you don’t need to take calculus in first year as a biology major, but MAT135/6 are recommended corequisites for CHEM138/9, which are required. so, you don’t HAVE to take the maths, but they’re recommended for a reason.

    secondly, there’re these things at uoft called enrolment controls. enrolment controls are basically a horrible horrible thing that make it a lot more difficult for you to get into that cool course you found randomly one lazy Sunday on the course calendar.

    if you take a look at the enrolment controls for BIO130H1, BIO120H1, CHM138H1, and CHM139H1, you’ll see that they all have ‘P’ enrolment controls. that means that certain students get to enrol before everyone else, leaving the rest of you poor souls?to scrounge for spots?on August 9th. lucky for you, these first year bio and chem classes are ENORMOUS, so you’ll probably get into them, but it’s not guaranteed.

    there are a lot of pesky obstacles here, and probably more i haven’t thought of. that’s why you should probably discuss all this with your college registrar’s office once you get on campus. you guys can chat and figure out whether the major is for you, if you can go it without the math, or if you should spend some time catching up, either in night/summer school or in uoft’s PUMP program.

    anyway, take the first-year bio and chem classes – after a year of slogging through lectures, labs and exams, you’ll know what you want to do.



  • psychology,  PUMP

    psychology’s a tough cookie, man, what can i say.


    I’m a grade 12 student who is interested in taking psych in ut st.george. However, I don’t have calculus and I didn’t take Functions (U) in grade 11( I came to Canada last yr and I have no idea that the course is important). Is there any other way that I can still take psych? Such as taking Calculus in 1st yr? Or should I take something else in 1st yr and then switch to psych in 2nd?



    hey there,

    Basically, you’ve got two options here. Since you’re missing three math courses, there’s no way to finish them all in order to be considered for September 2014 admission. The admission decisions are made by June of every year, and after that it’s GAME OVER until the next admission cycle.

    Lucky for you, aska’s here to tell you all is not lost. What you can do is take a year off after you finish Grade 12, get your three credits at your high school during a victory lap (that is, a fifth year), and then apply for admission for September 2015. Easy-peasy, plus you get a year to work and think about your future and do all that mid-twenties soul-searching stuff.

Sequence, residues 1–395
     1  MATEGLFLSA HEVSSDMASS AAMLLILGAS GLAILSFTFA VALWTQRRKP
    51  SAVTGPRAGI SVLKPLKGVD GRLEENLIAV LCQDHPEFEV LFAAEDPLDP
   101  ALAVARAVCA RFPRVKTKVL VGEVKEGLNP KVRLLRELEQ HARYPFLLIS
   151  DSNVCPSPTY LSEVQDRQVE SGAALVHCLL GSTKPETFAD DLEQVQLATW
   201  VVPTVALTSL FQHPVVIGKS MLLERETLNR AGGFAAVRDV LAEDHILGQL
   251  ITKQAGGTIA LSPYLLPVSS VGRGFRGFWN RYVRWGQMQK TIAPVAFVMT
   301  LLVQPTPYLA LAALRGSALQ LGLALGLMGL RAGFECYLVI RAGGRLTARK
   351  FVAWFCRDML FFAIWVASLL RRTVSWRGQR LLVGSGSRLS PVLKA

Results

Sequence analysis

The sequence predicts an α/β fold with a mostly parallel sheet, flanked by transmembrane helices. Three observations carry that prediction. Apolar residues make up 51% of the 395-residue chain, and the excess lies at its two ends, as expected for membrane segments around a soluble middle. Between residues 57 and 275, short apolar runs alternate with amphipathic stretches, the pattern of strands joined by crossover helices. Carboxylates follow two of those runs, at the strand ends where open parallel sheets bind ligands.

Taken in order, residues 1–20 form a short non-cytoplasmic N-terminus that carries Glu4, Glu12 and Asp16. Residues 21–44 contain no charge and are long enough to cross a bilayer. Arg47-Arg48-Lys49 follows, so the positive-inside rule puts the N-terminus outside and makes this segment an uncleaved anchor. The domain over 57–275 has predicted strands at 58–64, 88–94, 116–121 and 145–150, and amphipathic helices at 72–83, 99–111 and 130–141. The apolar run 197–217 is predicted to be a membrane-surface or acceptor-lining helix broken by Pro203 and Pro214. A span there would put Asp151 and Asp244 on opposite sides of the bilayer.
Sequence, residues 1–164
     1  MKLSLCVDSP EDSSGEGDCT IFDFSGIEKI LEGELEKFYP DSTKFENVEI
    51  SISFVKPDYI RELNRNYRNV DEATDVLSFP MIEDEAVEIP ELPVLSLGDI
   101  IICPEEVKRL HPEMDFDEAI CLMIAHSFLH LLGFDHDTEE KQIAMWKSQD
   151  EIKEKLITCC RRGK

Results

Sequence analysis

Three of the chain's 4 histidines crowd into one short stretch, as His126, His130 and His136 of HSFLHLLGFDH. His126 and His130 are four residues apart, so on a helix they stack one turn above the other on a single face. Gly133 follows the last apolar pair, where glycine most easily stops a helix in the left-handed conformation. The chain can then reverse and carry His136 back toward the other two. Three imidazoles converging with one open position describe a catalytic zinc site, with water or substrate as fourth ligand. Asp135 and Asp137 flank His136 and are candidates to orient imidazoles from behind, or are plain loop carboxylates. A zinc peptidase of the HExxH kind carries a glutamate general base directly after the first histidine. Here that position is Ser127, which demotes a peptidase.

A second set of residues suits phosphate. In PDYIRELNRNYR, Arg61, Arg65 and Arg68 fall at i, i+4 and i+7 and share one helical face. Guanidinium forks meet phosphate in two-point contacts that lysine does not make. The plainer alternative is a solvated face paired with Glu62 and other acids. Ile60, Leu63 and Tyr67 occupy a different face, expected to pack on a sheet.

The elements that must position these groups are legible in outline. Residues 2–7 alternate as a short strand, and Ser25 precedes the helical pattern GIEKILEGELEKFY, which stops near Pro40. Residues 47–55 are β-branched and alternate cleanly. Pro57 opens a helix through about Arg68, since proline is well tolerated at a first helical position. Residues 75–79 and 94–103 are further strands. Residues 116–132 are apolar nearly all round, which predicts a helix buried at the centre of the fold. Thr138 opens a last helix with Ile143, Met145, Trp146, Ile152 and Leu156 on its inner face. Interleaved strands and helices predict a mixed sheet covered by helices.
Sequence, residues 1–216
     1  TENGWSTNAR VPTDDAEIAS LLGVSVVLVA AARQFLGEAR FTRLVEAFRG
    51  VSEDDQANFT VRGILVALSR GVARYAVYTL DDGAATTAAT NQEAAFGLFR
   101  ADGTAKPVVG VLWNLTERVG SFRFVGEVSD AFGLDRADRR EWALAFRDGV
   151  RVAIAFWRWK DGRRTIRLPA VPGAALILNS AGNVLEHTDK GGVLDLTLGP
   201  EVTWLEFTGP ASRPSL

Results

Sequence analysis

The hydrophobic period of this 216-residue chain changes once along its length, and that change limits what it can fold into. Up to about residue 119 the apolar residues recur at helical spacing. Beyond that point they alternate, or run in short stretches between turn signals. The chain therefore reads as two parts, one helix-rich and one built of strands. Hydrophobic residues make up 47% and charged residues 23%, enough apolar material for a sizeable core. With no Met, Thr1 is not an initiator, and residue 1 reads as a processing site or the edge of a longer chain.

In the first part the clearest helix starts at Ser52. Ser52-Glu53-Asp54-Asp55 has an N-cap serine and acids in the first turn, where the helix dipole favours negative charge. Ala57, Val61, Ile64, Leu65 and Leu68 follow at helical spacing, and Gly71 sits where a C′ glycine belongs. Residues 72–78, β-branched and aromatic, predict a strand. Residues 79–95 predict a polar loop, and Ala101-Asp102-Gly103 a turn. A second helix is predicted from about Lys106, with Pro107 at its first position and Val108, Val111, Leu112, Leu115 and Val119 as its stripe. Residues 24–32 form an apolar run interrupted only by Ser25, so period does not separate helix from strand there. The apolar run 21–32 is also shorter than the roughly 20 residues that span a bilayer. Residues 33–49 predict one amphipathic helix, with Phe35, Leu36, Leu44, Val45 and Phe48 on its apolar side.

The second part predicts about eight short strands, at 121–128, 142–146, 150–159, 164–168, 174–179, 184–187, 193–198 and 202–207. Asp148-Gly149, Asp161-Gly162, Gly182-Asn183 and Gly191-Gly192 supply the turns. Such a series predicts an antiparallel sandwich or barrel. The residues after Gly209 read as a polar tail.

However, if you’re not up for any soul-searching garbage and you really want to start university right after you finish high school, you can apply to a general social science program for first year, take PSY100H1 (the only required university course for a psych major), and complete the calculus requirement through uoft’s PUMP (preparing for university mathematics) program during your first year, or through other alternative courses. Then you have your requirement by the time you apply for the psych major at the end of first year. This is a great way to meet the psych requirements, explore all your interests and make sure psych is really what you want to do, all in your first year.


  • PUMP

    say “no” to numbers!

    Hi i am from Dubai and have been accepted for social science category at innis college i have not done math in 11th and 12th grade ( replace it with psycho) but i am interested to the do the following

    political science ( requires no math i think )
    social science ( requires no math i think)
    economics ( require math )
    Psychology ( require math )

    i would also like to do begginers french

    can u advise how i cant take eco and phyco with me not doing math at high school is there a way



    Hey hey!

    There’s no actual “social science” program, so take a look through the calendar and see what you’d like in place of it. Your ideal first year would probably have you taking:

    1. POL101Y, the intro course for poli sci
    2. SOC101Y or SOC102H+SOC103H, the intro course(s) for sociology, which is probably the closest you’ll get to “social sciences” — but my own personal little tidbit is that asjfhlghsakl I absolutely positively hated SOC101Y, so like… Maybe take the later combo since it’s less of an investment of your time… 😉
    3. PSY100H, intro to psych
    4. FSL100H or FSL102H, both of which are first-year french courses